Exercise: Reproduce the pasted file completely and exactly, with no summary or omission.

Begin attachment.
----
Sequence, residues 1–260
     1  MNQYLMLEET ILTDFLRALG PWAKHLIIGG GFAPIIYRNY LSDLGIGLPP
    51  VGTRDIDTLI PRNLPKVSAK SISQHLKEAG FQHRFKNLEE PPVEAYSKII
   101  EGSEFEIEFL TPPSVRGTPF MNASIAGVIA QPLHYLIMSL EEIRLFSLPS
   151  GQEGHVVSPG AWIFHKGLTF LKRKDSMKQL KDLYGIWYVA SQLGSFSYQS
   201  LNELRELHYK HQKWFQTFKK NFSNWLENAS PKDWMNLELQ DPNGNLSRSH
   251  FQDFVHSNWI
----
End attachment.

Sequence, residues 1–260
     1  MNQYLMLEET ILTDFLRALG PWAKHLIIGG GFAPIIYRNY LSDLGIGLPP
    51  VGTRDIDTLI PRNLPKVSAK SISQHLKEAG FQHRFKNLEE PPVEAYSKII
   101  EGSEFEIEFL TPPSVRGTPF MNASIAGVIA QPLHYLIMSL EEIRLFSLPS
   151  GQEGHVVSPG AWIFHKGLTF LKRKDSMKQL KDLYGIWYVA SQLGSFSYQS
   201  LNELRELHYK HQKWFQTFKK NFSNWLENAS PKDWMNLELQ DPNGNLSRSH
   251  FQDFVHSNWI